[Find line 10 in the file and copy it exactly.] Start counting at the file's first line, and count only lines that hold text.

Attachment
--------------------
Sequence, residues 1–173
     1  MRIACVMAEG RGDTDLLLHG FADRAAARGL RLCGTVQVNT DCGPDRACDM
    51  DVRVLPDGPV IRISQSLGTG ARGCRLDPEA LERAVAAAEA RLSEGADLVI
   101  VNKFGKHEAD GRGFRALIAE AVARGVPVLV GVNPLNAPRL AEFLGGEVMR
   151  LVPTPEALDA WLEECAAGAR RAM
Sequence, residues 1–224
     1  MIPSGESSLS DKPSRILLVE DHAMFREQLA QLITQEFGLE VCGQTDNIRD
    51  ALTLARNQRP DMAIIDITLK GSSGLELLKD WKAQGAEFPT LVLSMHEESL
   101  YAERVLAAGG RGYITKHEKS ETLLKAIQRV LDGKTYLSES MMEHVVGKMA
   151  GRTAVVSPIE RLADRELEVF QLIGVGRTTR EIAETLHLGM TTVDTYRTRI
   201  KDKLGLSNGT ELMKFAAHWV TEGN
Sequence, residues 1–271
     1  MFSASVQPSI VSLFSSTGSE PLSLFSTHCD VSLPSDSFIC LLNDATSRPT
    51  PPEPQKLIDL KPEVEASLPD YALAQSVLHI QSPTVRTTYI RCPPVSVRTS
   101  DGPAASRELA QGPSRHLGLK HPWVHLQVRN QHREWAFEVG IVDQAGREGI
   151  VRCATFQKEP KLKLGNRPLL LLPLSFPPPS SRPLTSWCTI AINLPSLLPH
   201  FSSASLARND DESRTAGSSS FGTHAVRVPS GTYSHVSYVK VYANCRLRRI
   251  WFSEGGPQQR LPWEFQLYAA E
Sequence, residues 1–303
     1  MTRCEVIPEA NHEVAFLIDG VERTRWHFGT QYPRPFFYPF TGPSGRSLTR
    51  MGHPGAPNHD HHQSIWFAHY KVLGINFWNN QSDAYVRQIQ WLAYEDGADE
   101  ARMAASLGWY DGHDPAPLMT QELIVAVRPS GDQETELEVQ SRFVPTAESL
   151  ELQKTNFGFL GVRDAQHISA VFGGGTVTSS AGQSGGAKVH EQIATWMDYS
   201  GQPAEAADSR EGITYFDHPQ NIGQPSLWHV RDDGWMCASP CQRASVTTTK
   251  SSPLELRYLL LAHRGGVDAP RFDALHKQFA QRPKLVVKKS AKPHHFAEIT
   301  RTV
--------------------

   151  GRTAVVSPIE RLADRELEVF QLIGVGRTTR EIAETLHLGM TTVDTYRTRI